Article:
CHA-CHING!

This is how many Houston workers now earn 6-figure salaries

Some Houston workers are earning the big bucks. PaidSurveysHQ.org

As one of the biggest opportunity cities in the U.S., the Houston area presents an opportunity for workers to cash in.

From 2015 to 2020, Houston saw a 21.9-percent increase in six-figure jobs. In our region, 8.8 percent of jobs pay at least $100,000 a year, according to a new study from Stessa, a provider of property management software for landlords.

That's the highest percentage among the four major metros in Texas, for reference (and for bragging rights).

Across the metro area, the median annual pay stands at $42,710.

Nationally, professions that often draw at least $100,000 a year include software developer, attorney, sales manager, pharmacist, and nurse practitioner, according to the study.

"One of the COVID-19 pandemic's most significant long-term effects on the economy could be rising wages," the study says. "With widespread shortages in the labor market reported this summer, many employers — particularly those with lower-wage employees — have tried to entice workers with improved compensation and benefits. These trends have led to the fastest rates of wage growth since the Great Recession, especially among the lowest earners."

Among large metro areas, Nashville ranks first for the growth of six-figure jobs from 2015 to 2020 — 270.9 percent.

Looking at major Texas metro areas in Texas, San Antonio claims the highest ranking for growth in six-figure jobs: No. 7. From 2015 to 2020, the share of six-figure jobs in the San Antonio area went up by 163 percent. Last year, 5.7 percent of jobs in San Antonio pulled in at least $100,000 annually.

DFW saw a 60 percent rise in six-figure jobs. In DFW, 8.5 percent of workers — or 306,240 people — earn six-figure salaries, the study says.

Austin holds the No. 15 spot among major metro areas, with a 101.1 percent jump in six-figure jobs from 2015 to 2020. Last year, 7.6 percent of jobs in the Austin area raked in at least $100,000 annually.

------

This article originally ran on CultureMap.

Trending News

Building Houston

 
 

A new report says Houston “is poised for further growth” in life sciences. Photo via Getty Images

Houston is receiving more kudos for its robust life sciences sector.

Bayou City lands at No. 13 in JLL’s 2022 ranking of the country’s top 15 metro areas for life sciences. JLL says Houston “is poised for further growth” in life sciences.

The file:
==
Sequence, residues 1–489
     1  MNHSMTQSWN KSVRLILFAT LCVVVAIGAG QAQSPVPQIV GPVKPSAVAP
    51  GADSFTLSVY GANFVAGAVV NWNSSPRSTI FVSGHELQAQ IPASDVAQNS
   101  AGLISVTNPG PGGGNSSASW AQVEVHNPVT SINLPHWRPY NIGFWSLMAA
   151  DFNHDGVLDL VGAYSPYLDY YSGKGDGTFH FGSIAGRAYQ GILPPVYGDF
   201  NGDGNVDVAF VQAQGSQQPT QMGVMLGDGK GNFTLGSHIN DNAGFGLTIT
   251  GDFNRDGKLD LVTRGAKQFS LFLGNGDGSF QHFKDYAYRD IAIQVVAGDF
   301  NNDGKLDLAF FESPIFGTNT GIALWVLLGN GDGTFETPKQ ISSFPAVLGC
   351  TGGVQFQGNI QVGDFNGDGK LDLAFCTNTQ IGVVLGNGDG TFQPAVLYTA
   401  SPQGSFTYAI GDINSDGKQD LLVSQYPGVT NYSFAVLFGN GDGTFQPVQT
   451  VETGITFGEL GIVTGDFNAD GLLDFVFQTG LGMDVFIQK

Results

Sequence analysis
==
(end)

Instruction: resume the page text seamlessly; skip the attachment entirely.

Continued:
Here’s how Houston fares in each of the ranking’s three categories:

  • No. 12 for supply of life sciences-oriented commercial real estate
  • No. 14 for access to life sciences talent
  • No. 15 for life sciences grant funding and venture capital

Earlier this year, Houston scored a 13th-place ranking on a list released by JLL competitor CBRE of the country’s top 25 life sciences markets. Meanwhile, commercial real estate platform CommercialCafe recently placed Houston at No. 10 among the top U.S. metros for life sciences.

JLL applauds Houston for strong growth in the amount of life sciences talent along with “an impressive base of research institutions and medical centers.” But it faults Houston for limited VC interest in life sciences startups and a small inventory of lab space.

“Houston is getting a boost [in life sciences] from the growing Texas Medical Center and an influx of venture capital earmarked for life sciences research,” the Greater Houston Partnership recently noted.

Boston appears at No. 1 in this year’s JLL ranking, followed by the San Francisco Bay Area, San Diego, Washington, D.C./Baltimore, and Philadelphia.

Last year’s JLL list included only 10 life sciences markets; Houston wasn’t among them.

“The long-term potential of the sector remains materially unchanged since 2021,” Travis McCready, head of life sciences for JLL’s Americas markets, says in a news release.

“Innovation is happening at a more rapid pace than ever before, the fruits of research into cell and gene therapy are just now being harvested, and revenue growth has taken off in the past five years as the sector becomes larger, an atypical growth track.”

Trending News